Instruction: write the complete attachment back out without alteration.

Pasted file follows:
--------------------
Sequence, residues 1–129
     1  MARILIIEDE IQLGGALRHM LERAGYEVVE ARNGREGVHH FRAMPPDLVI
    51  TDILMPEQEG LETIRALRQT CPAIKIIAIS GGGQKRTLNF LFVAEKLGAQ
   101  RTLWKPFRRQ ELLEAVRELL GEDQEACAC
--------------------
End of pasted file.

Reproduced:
Sequence, residues 1–129
     1  MARILIIEDE IQLGGALRHM LERAGYEVVE ARNGREGVHH FRAMPPDLVI
    51  TDILMPEQEG LETIRALRQT CPAIKIIAIS GGGQKRTLNF LFVAEKLGAQ
   101  RTLWKPFRRQ ELLEAVRELL GEDQEACAC